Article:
Physical Model of Human Hearing
Here we are primarily concerned with the behaviour of the human cochlea.
Sound vibrations enter the ear and set up ripples that run along a membrane in the inner ear. There are bunches or bundles of tiny hairs on the surface of this membrane. The vibrations tend to shake the hair bundles, and each bundle will tend to resonate to a particular band of frequencies. Near the input end of the membrane the hair bundles are tiny, and so tend to resonate at high frequencies. However the hairs vary in size along the membrane, so at each location they tend to resonate to a different frequency.
The system can be thought of as a bank or array of narrowband filters that respond to various frequencies. The brain then detects the power levels of the vibrations of all the hair bunches and uses this to work out which frequencies are present in the sound.
The traditional view is to regard each of these resonant sensors as simple bandpass filter, and assign a series of frequencies and bandwidths to these filters. The resulting system is analogous to the Fourier Transform which analyses signals in terms of how much power is present at any given frequency. During the last decade experiments have lead to changes in how this system is thought to work. Physiologists now regard the resonant hair bundles as active, non-linear sensors whose effective bandwidth and sensitivity vary in response to the incoming vibrations they experience. As the level of vibrations is increased, the hair bundles react by lowering their sensitivity and widening the band of frequencies to which they respond. As a result, the response of the ear and brain to sounds is much more complex than the traditional model showed. The nonlinearity of the response is a key to understanding many of the surprising properties of human hearing.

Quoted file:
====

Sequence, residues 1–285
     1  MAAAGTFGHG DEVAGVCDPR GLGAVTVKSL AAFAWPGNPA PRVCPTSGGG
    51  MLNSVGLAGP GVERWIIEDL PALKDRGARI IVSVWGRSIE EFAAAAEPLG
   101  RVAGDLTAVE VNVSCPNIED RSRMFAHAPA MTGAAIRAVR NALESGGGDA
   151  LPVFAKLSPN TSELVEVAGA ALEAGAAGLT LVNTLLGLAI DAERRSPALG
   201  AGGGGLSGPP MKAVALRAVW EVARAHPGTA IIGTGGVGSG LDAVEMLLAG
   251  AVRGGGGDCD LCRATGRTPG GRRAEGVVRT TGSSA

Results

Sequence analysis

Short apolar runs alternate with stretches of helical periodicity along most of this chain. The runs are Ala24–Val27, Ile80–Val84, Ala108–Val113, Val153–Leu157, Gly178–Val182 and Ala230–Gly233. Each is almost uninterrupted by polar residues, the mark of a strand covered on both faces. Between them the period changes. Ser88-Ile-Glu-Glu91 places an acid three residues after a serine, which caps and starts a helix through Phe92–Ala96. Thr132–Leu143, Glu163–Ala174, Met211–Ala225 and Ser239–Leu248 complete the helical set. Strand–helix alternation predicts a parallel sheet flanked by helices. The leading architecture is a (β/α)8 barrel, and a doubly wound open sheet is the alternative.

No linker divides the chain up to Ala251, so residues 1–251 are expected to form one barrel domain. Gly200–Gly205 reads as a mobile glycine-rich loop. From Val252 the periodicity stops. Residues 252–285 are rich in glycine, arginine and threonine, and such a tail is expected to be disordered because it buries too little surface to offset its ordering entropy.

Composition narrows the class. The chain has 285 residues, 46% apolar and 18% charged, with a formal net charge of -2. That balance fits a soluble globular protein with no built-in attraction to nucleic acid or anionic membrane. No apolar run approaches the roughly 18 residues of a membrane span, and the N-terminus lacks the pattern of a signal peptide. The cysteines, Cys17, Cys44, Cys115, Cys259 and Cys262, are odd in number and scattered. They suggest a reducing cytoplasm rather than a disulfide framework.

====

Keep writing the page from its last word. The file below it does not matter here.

To completely model human hearing we would have to develop an analysis that dealt with many aspects of this complicated nonlinear system. However for the results presented in the main ‘Ringing in the Ears’ webpages we can concentrate on the behaviour of the non-linear resonators that act as active bandpass sensors in the above arrangement.